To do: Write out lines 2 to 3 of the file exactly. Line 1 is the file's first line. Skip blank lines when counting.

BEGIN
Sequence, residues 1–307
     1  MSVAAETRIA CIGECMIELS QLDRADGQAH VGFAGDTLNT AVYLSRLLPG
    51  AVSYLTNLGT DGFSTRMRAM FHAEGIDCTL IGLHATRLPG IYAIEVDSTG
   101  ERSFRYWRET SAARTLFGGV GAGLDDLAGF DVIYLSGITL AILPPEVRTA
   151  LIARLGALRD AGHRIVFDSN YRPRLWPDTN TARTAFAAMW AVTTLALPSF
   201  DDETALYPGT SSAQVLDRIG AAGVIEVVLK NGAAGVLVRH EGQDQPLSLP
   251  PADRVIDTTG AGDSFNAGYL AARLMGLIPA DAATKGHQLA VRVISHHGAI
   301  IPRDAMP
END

     1  MSVAAETRIA CIGECMIELS QLDRADGQAH VGFAGDTLNT AVYLSRLLPG
    51  AVSYLTNLGT DGFSTRMRAM FHAEGIDCTL IGLHATRLPG IYAIEVDSTG